So to run the simulation we are using a cluster of eight dual-processor, X64-based, Intel servers. They are running Windows Server 2003 for 64-bit Extended Systems. And those are connected by a gigabit Ethernet to two client machines, equipped with NVIDIA graphic boards that run the visualization that you see here in the center screen. Furthermore, I've got this Tablet PC that I'm using to steer the simulation and visualization.

The software that we're using is (Fenflood ?) from the Institute for Hydraulic Machinery at Stuttgart, and the visualization software (Covise ?) is developed at HLRS.

In the middle you can see the building that is hosting the water turbine, and we'll now dive in the water, and here in the inlet channel you can see streamlined and animated particles, representing the flow of water. So the colors on the particles that will appear soon, here we go, they represent the velocity of these sort of water drops. And we can try to follow those particles down towards the turbine. So it is this visualization that you're seeing is kind of state of the art in visualization of simulation results, but to make it clear, what you see is the result of physically accurate numerical simulations, and not just animated computer graphics. And so the real point that we want to bring over is that you can interact with a simulation, and thus interactively change parameters of that simulation, even change the geometry of the product that you're simulating, and thus optimize your product.

So what I will do now is I will close the gate, and let a little bit less water flow through the turbine, and you will see that the guide wings close right now, and what is happening now is that this new geometry is used to derive a new computational mesh, which is divided up into eight pieces, sent to the compute servers, a new simulation is performance, and the results are sent back to the visualization machines, which displays them on the screen now. And you might have noticed that the particle parts actually changed, and they adapted to that new geometry configuration.

So let me zoom in a little. I'll step into the turbine and guide you through a little, we can step in here. So this technique allows scientists and engineers to literally step inside their products, and interactively optimize it for performance, or in this case power output. And the only way to make this simulation fast and accurate enough for real-world applications is to use the capabilities that 64-bit computing is giving you.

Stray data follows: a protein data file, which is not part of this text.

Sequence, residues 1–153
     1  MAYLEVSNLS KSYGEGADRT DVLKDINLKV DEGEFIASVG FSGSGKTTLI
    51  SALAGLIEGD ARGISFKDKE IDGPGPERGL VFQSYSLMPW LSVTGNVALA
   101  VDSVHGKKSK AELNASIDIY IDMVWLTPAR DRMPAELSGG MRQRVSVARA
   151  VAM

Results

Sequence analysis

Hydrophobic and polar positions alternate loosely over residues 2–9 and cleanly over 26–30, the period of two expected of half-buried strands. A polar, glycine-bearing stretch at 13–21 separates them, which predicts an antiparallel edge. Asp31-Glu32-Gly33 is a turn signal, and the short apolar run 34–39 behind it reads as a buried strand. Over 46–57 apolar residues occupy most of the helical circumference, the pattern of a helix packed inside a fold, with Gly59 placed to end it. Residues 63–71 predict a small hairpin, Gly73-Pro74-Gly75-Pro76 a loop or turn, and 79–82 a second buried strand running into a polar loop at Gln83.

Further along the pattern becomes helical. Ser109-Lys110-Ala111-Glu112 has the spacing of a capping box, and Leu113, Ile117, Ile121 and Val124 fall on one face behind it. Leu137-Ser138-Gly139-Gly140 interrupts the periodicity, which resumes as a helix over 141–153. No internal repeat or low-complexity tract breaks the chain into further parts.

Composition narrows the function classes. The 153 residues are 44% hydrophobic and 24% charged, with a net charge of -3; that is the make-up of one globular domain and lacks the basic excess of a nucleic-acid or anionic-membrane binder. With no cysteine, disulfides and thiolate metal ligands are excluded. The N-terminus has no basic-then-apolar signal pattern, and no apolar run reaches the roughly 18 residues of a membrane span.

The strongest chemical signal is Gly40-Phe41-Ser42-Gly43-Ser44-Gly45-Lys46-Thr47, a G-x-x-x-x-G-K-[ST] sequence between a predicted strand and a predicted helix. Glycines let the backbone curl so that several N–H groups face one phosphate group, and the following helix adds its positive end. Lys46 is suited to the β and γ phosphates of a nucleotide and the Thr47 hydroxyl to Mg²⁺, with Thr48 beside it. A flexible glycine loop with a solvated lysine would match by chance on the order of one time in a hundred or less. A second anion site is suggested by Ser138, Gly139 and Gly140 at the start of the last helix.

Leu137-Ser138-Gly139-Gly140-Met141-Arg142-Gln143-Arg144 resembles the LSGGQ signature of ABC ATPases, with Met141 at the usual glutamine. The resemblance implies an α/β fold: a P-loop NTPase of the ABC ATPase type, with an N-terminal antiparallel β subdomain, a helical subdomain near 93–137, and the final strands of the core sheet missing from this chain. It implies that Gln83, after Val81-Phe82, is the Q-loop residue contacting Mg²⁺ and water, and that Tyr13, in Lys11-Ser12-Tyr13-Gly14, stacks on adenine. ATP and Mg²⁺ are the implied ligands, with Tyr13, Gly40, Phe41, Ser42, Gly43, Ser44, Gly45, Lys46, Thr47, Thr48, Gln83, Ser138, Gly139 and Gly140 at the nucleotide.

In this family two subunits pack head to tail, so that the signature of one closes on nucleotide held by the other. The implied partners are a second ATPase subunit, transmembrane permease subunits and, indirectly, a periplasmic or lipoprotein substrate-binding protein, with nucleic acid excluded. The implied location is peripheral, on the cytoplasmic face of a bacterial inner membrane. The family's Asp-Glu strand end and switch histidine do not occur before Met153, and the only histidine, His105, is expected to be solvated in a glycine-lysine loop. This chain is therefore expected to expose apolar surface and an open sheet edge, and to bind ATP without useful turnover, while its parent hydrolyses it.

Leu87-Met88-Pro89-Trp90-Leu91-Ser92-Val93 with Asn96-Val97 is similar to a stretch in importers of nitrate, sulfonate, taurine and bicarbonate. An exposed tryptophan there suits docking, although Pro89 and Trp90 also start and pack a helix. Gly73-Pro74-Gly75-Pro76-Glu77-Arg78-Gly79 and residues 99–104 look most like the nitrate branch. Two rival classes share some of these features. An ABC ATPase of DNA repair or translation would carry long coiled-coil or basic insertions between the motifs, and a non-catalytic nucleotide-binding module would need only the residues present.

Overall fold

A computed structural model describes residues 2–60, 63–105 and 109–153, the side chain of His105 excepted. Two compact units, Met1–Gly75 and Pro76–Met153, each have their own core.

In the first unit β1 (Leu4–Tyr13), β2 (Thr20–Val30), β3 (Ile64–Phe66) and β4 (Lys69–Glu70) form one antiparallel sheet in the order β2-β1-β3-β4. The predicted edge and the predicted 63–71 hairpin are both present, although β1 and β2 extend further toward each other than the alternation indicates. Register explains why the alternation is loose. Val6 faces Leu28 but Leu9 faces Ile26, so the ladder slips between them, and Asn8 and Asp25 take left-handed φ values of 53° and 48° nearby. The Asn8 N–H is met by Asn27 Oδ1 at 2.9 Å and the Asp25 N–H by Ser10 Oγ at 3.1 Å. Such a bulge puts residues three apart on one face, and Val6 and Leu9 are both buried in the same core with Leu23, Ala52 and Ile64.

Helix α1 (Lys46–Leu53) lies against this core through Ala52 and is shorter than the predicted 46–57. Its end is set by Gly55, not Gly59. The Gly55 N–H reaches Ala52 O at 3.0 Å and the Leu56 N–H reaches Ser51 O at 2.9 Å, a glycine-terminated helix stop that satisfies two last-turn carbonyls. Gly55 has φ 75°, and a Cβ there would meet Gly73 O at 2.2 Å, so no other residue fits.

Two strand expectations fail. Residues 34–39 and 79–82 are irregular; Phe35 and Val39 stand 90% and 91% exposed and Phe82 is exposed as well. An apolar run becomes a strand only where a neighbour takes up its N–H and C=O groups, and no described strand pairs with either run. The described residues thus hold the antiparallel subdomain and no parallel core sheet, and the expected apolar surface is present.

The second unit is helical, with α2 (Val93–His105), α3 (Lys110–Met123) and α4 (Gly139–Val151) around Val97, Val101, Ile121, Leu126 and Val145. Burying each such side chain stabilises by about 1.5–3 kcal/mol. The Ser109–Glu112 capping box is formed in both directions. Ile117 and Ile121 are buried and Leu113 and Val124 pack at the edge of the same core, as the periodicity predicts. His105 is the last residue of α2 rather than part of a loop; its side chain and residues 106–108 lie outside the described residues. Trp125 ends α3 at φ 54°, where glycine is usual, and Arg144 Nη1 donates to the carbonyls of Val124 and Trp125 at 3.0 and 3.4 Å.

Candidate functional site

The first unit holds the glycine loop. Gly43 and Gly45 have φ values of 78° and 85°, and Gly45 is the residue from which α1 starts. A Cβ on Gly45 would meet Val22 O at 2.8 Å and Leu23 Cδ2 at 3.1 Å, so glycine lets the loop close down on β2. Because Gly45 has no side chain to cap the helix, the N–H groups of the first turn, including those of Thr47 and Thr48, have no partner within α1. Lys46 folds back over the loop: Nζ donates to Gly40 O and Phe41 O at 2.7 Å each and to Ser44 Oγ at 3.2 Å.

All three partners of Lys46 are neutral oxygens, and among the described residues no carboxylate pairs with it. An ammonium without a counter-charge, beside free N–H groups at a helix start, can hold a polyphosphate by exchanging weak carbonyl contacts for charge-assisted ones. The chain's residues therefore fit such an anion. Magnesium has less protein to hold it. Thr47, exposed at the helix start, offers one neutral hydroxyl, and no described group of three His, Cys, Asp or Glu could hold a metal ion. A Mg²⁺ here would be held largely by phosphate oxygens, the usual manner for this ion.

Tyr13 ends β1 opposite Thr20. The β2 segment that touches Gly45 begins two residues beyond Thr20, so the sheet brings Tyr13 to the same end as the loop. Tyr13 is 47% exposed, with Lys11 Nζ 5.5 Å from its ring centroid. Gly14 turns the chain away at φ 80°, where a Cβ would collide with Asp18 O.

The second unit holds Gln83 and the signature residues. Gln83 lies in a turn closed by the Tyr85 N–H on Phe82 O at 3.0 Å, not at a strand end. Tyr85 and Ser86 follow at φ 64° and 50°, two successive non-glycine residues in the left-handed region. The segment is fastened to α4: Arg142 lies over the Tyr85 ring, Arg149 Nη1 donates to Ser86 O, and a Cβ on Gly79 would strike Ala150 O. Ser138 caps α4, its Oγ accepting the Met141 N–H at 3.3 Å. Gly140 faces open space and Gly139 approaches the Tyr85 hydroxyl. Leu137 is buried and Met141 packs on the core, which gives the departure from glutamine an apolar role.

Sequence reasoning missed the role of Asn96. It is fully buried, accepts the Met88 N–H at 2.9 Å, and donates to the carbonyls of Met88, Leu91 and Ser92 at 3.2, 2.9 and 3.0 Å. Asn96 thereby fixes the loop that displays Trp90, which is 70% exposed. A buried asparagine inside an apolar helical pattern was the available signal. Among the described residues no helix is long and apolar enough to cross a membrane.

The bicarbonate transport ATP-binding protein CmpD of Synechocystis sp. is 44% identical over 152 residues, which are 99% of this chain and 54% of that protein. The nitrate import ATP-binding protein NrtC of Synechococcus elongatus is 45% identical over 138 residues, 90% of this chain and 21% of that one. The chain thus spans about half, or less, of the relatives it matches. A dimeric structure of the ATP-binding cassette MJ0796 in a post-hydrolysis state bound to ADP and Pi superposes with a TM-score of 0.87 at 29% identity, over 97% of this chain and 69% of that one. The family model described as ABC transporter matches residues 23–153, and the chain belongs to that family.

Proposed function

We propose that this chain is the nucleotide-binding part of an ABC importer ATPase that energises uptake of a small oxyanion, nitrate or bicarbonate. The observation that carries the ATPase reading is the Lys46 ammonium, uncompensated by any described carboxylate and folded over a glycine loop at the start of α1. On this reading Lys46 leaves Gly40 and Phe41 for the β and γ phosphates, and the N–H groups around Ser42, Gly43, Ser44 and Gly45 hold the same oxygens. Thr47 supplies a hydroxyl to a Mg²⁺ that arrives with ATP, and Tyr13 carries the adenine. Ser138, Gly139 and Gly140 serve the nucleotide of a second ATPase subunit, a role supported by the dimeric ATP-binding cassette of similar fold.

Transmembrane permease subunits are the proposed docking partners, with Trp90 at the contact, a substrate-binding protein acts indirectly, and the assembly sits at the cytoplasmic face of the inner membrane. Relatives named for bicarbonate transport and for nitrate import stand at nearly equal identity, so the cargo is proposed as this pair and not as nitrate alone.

So I will fly out a little, and turn off the surrounding geometry. So this is just a simulation result. And now I'd like to go back, swim through the turbine, and swim out into the river again. So what you just saw is only one example of personal super computing, other application areas would be in life science, in the medical field, in molecular dynamics, in architecture, in space engineering. Together with Microsoft, we are working on getting this technology beyond the research labs, and big companies, and into the ordinary engineering companies and supplier firms.

KYRIL FAENOV: This is really some astonishing work you've done at the University of Stuttgart, thank you.

This same simulation you just saw would have required multi-million-dollar super computers just a few years ago, and it might take hours or days, and certainly would not be interactive like what you just saw. This is just one example of a new usage scenario, that's made affordable, and broadly available to universities, research organizations, and corporations worldwide, 64-bit computing is becoming mainstream, and ushering in the era of personal super computing. With more data on the back end, with more data being computed by server farms, you need to consume and visualize the data by the scientists on their workstations and desktops. And we're certain that this will drive adoption of 64 bit personal computers and workstations. Now, we know that many organizations will start looking at investing in advanced computation, business intelligence, server consolidation and other advanced areas. And the only thing that holds back rapid adoption of 64-bit computing is the availability of high quality drivers, anti-virus software, and other platform components. This is really an opportunity for each one of you to come together with Microsoft and take a leadership position in driving adoption of 64-bit computing in the industry.

Thank you very much.

(Applause.)